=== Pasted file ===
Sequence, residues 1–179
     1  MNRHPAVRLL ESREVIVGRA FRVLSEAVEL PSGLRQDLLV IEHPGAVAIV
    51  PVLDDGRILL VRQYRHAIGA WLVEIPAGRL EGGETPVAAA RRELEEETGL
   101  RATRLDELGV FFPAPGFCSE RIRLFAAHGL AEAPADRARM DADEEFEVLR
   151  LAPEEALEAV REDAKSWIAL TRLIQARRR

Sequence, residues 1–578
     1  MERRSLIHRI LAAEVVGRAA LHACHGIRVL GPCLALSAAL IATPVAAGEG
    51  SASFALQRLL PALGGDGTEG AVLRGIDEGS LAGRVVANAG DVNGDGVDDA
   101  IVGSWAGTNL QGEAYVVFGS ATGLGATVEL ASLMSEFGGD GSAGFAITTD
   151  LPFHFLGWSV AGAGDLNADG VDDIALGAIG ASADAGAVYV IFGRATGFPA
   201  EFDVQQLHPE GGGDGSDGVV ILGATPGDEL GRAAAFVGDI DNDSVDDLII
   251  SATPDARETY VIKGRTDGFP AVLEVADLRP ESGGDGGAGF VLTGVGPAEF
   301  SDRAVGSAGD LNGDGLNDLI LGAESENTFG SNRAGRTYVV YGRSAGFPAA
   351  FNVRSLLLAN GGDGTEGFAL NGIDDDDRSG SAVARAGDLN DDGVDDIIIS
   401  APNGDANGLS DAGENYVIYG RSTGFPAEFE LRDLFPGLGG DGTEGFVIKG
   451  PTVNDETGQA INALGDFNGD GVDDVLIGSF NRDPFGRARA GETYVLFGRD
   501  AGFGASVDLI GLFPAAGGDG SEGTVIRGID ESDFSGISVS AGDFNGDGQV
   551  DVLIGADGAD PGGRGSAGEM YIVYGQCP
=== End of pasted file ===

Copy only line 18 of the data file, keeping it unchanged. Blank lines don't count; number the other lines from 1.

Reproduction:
   551  DVLIGADGAD PGGRGSAGEM YIVYGQCP